First time buyers have become endangered species says RICS as number of sales fall to lowest level for 30 years

Realism is beginning to return to the housing market according to the Royal Institution of Chartered Surveyors (RICS), in spite of sales falling to their lowest level in at least 30 years.

In its latest housing market survey, the body reported that the average number of transactions per surveyor fell to 14.4 during the three months to the end of July – a record low and down from June’s figure of 15.3.

But house prices dipped slightly less than expected, with 83.9 per cent more surveyors reporting a decrease than a rise in house prices in July, down from 86.9 per cent in June.

The RICS said “some realism” had returned to the market, with sellers dropping asking prices to more sensible levels.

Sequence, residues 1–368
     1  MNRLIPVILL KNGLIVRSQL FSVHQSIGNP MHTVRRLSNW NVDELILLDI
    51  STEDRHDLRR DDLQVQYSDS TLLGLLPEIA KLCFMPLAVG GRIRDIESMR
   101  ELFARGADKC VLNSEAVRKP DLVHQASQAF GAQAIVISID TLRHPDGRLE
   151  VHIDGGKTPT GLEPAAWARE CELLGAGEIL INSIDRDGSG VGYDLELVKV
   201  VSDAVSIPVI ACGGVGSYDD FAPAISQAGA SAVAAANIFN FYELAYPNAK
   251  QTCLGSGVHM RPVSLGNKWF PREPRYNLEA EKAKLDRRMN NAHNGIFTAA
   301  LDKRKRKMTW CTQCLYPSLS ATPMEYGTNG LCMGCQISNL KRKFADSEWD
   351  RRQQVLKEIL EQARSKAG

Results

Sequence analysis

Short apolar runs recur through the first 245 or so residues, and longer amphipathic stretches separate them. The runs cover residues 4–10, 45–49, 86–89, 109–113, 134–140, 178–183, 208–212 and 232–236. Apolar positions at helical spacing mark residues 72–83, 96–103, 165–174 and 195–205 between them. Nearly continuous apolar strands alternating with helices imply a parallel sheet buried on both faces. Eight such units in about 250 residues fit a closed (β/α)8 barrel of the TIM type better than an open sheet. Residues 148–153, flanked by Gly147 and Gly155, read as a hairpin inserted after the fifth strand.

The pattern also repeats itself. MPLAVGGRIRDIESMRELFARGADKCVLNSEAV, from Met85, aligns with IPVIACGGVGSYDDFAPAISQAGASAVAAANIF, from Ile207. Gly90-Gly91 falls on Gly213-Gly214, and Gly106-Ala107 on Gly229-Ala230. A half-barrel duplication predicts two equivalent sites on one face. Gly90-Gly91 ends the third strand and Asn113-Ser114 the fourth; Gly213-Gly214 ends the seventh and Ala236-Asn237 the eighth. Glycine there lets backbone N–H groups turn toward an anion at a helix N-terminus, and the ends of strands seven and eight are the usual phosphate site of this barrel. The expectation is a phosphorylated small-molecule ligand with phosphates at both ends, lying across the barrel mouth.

But it added that a lack of mortgage finance continued to weigh heavily on the market and the confusion over stamp duty was having a negative impact.

RICS spokesman Ian Perry said: "The lack of mortgage finance has brought the housing market to a virtual standstill with first-time buyers rapidly becoming an endangered species.

"Going forward, there are signs that sales activity might pick up a little as sellers start to re-evaluate unrealistic asking prices.

"However, the current confused messages from the Government regarding stamp duty risks damaging any returning confidence and may discourage mobility."